Unit Testing Using Visual Studio 2010
page 2 of 5
by Vince Varallo
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Step 1: Create the TripCalculator Solution

The application being built will allow a user to enter speed and time and will calculate the distance traveled.  The calculation will be built into a class which represents the business layer of an application. 

1.    Launch Visual Studio 2010.  From the start page select "New Project…"

2.    Select ASP.NET Empty Web Application from the list of templates and name the application "TripCalculator".

3.    Click on FileàAdd New Project from the main menu.

4.    The Add New Dialog will appear.  Click on "Visual C#" from the list of Installed Templates.  Choose "Class Library" from the list of templates.  Name the project "TripCalculatorBLL" and click the OK button.

5.    Visual Studio will add this project to your solution and create a class file called "Class1.cs".  Right click on the Class1.cs file in the Solution Explorer and select Rename from the pop-up menu.  Change the name to "DistanceCalculator.cs".  Visual Studio will ask if you want to rename all references to this new name, click the "Yes" button.

6.    Add the following method to the DistanceCalculator class.

public double CalculateDistance(double time, double speed)
{
    if (time < 0 || speed < 0)
    {
        throw new ArgumentOutOfRangeException();
    }
    else
    {
        return time * speed;
    }
}

7.    This method will calculate the distance given the time and speed.  If the time or speed parameters are less than zero then it throws an ArgumentOutOfRangeException.

8.    Now let's add a web form that can use this class.  Right click on the TripCalcualtor project and select AddàNew Item from the pop-up menu.

9.    Select the WebForm template and name the file Default.aspx.  Click the Add button.

10.  Add a reference to the TripCalculator project to the TripCalculatorBLL project.  To do this right click on the References in the TripCalculator project. 

11. Click Add Reference… from the pop-up menu.

12. Click on the Projects tab from the References dialog.

13. Select the TripCalculatorBLL project from the list and click the OK button.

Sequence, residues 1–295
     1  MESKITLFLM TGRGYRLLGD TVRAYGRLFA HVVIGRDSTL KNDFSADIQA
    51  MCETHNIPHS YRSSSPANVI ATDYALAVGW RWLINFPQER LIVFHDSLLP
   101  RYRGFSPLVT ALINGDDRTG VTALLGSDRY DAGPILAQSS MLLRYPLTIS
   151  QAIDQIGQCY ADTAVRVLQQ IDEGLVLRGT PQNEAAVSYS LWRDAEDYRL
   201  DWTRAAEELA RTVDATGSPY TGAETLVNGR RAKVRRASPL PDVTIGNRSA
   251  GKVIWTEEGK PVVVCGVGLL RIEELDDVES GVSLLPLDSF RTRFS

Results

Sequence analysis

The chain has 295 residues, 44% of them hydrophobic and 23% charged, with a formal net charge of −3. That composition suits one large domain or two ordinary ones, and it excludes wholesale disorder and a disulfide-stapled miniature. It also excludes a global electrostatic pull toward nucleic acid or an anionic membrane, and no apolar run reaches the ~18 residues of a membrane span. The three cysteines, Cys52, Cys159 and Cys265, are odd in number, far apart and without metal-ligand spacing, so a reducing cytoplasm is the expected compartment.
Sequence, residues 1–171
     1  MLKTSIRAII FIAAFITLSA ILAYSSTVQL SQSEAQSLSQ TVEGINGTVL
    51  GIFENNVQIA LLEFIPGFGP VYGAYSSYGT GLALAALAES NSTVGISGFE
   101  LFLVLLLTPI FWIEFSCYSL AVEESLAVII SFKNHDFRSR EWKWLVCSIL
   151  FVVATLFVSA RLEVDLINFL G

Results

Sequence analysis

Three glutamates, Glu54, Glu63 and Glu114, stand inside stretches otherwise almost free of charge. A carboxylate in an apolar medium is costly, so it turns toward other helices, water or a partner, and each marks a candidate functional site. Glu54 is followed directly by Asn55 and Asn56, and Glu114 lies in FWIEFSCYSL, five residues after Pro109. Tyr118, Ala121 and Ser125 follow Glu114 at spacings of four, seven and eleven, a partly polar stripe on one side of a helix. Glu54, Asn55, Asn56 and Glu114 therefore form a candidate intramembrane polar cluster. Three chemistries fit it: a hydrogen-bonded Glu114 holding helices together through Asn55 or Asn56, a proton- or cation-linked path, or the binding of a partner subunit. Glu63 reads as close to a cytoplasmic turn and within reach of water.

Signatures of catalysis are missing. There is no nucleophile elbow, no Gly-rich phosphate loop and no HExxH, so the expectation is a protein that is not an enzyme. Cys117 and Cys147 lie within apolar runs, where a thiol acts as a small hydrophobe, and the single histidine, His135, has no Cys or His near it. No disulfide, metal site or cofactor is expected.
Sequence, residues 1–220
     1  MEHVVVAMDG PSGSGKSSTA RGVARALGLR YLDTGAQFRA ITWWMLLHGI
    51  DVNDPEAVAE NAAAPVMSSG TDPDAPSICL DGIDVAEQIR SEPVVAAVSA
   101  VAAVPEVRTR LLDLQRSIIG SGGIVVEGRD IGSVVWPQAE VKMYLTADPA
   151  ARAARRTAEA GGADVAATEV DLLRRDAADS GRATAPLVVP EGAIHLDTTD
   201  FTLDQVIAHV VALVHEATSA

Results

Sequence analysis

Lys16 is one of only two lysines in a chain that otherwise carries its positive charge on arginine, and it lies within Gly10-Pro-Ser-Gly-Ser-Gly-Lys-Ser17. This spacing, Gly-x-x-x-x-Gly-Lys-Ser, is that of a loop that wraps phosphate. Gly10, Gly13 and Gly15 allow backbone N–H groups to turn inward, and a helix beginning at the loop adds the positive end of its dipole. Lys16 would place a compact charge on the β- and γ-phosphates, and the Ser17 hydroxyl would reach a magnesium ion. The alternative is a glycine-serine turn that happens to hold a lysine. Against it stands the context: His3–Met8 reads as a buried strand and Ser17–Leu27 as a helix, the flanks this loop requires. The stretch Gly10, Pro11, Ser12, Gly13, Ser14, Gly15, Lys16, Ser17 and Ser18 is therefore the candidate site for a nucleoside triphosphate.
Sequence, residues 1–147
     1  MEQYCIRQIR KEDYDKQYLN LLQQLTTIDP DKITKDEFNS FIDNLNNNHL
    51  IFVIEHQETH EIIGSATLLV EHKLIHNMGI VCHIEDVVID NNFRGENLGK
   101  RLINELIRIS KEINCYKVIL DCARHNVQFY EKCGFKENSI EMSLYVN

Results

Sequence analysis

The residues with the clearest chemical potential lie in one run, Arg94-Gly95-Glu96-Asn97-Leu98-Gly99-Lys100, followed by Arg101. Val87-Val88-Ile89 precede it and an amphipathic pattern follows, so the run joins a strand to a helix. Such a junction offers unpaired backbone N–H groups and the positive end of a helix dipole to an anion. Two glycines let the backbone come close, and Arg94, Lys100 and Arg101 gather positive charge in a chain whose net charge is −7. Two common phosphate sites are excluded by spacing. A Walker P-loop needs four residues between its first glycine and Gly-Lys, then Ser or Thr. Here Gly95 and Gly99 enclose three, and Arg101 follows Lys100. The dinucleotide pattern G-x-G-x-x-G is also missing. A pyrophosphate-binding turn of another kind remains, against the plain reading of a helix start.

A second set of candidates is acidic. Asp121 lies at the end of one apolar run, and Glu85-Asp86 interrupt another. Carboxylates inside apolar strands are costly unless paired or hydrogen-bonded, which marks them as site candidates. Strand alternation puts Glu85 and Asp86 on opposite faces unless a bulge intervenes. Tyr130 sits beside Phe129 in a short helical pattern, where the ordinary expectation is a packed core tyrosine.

14. Add the following HTML to the web form.

<asp:Label ID="Label1" runat="server" Text="Time:"></asp:Label>
<asp:TextBox ID="txtTime" runat="server"></asp:TextBox>
<br />
<asp:Label ID="Label2" runat="server" Text="Speed:"></asp:Label>
<asp:TextBox ID="txtSpeed" runat="server"></asp:TextBox>
<br />
<asp:Label ID="Label3" runat="server" Text="Distance:"></asp:Label>
<asp:Label ID="lblDistance" runat="server"></asp:Label>
<br />
<asp:Button ID="btnCalculate" runat="server" Text="Calculate" />

15. If you switch to Design mode your form should look like the following image.

16. Double click on the Calculate button to create the event handler.

17. Add the following using statement to the code behind page.

using TripCalculatorBLL;

18. Add the following code to the click event handler.

try
{
    DistanceCalculator distanceCalculator = new DistanceCalculator();
    lblDistance.Text = distanceCalculator.CalculateDistance
        (Convert.ToDouble(txtTime.Text), 
        Convert.ToDouble(txtSpeed.Text)).ToString();
}
catch (Exception ex)
{
    lblDistance.Text = ex.Message;
}

19. Try running the project and enter 5 for the Time and 5 for the Speed.  If you click the Calculate button you should get 25 for the Distance.


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User Comments

Title: 404 on link to code for this sample   
Name: Chase
Date: 11/29/2012 1:40:46 PM
Comment:
I am getting a 404 when I click the link for the code for this sample. I'd love to try this!
Title: unit testing   
Name: Avinash Chowdary
Date: 6/1/2012 8:03:30 AM
Comment:
good article and what about the asp.net web applications they don't have .Dll to refer in test project can you explain this scenario
Title: nice one   
Name: Abhishek goletar
Date: 4/16/2012 6:18:05 AM
Comment:
nice article
thks
Title: Positive Feedback   
Name: Hitesh
Date: 4/16/2012 6:15:45 AM
Comment:
very best example to undesrstand.
I like it very much..
Thank you !!!!
Title: nice article   
Name: gourik
Date: 5/3/2011 5:02:26 AM
Comment:
thanks..
Title: unit testing   
Name: nitin garg
Date: 4/6/2011 9:00:54 PM
Comment:
good article. expecting to dive deeper in next article by creating more complex test cases.
Title: Unit Testing   
Name: wasim
Date: 4/6/2011 2:00:12 PM
Comment:
awesome.
Title: Unit Testing Answer   
Name: Vince Varallo
Date: 4/6/2011 9:16:41 AM
Comment:
The purpose of unit testing is to validate that the code you wrote performs as expected. In this example the CalculateDistance method has a few different expected results depending on the parameters that were passed in. As a developer you should test all of the expected results. If at a later date you make a change to the method you still need to validate that all of the expected results are being produced. This tool allows you to automate the process of testing your code so it should be easier to maintain and ensure the application is working as expected.
Title: Unit Testing   
Name: Dhairya Shukla
Date: 4/6/2011 2:10:55 AM
Comment:
It's good understand for me, but If you can describe what is the purpose of unit testing in asp.net and how can use it.
One more think is that explain in basic and simple language






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